The main characteristics Charbonneau and other astronomers are looking for in these exoplanets are liquid water and atmospheric oxygen, ingredients that are essential for supporting life. Two large telescopes could help us narrow our search for life soon, Charbonneau said. The Giant Magellan Telescope in Chile will be one of the biggest telescopes to focus its sight on analyzing exoplanets, and NASA is launching the James Webb space telescope in , which is essentially like a giant version of the Hubble telescope.
It will be able to look at exoplanets clearly without the interference of our atmosphere. Some astronomers argue that if there is intelligent life somewhere in the universe, it will take at least 1, years to make contact because of the vastness of space.
Can Black Holes Transport You to Other Worlds? | Live Science
You would see a lot of oxygen. And you know oxygen is very reactive, and that would be surprising. Email address is optional. This is because black holes actually bend space itself , and so could bring points that are ordinarily distant from each other much closer together. An oft-used analogy is the bending of a piece of paper. If you draw a line on the paper, it follows the paper's shape and the line's length is unchanged by bending the paper.
But if you go through the paper, the end points of the line are much closer to one another.
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Understanding this requires diving into Einstein's theory of relativity as applied to gravity. It's important to understand that a black hole is not empty space, but rather a place where an enormous amount of matter is shoved into a teensy, tiny area, called a singularity.
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In fact, the singularity is infinitely small and dense. There's actually some debate among scientists on this point, but more on that in a minute. As one moves closer to the black hole, the escape velocity — the speed needed to escape the black hole's gravity — goes up. Since nothing can go faster than light , that means nothing can escape a black hole.
But there's a loophole: A black hole doesn't suck up everything around it, like a vacuum cleaner or a bathtub drain. Its power extends only as far as the black hole's event horizon, whose radius is the distance from the center of a black hole beyond which nothing can get out. That radius gets bigger as more matter falls into the dense beast. Perhaps it's better to think of a back hole as a ball whose surface allows matter to pass inside, but never the other way.
What's inside that surface is one of the biggest mysteries in astrophysics. Remember that most scientists think a black hole is a singularity.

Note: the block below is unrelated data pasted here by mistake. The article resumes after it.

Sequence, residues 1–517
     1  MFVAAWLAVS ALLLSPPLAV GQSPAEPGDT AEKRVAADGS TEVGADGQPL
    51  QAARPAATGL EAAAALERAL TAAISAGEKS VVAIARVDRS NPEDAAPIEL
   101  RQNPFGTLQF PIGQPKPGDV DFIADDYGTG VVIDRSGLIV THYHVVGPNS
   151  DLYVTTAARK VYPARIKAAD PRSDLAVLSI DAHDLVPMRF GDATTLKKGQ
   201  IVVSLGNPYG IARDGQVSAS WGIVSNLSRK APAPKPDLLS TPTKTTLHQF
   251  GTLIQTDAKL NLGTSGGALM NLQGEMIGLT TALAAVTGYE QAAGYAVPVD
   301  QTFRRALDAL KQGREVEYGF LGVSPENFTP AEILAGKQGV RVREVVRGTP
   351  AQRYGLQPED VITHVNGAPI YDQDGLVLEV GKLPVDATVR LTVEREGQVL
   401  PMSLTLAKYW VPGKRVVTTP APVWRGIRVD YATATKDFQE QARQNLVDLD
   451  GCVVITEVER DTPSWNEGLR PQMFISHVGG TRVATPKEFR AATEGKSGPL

All the matter from whatever originally supplied the black hole's mass a star, for example gets crushed into a point that has infinite density. If you were to fall into a black hole , the usual description of such an event says that you would first get stretched into spaghetti by tidal forces, then crushed into nothingness.
Your matter would then add to the radius of the black hole's event horizon. Eventually you'd be emitted as Hawking radiation. Physicist Stephen Hawking's calculations showed that black holes give off photons. Black holes eventually evaporate, but you would be waiting around a long time for that to happen. The universe is about 14 billion years old, or 1.
There's some debate in the scientific community about how long it takes for a black hole to evaporate, because the Hawking radiation doesn't preserve any information about the stuff that fell into the black hole in the first place; but the fact remains that being emitted as radiation is still not good. There might be a better way out of a black hole, though: Gravity bends space. Think of a sumo wrestler rolling on a mat, indenting the mat with his weight. Any object creates a local "gravity well. A planet, for example, has a gravity well, but as you go toward the center of a planetary sphere, the well flattens out.
Using the mat analogy, any normal object would have a well shaped like a depression with a finite depth. Black holes don't behave like normal objects … perhaps fortunate for the trapped individual.
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The curvature of space just keeps going up and up until you reach the singularity at the center of the black hole, where that curvature is infinite. Instead of a depression, you just have a hole whose sides get steeper as you go toward the center, until they are basically vertical and space is shaped like an infinitely stretched dimple.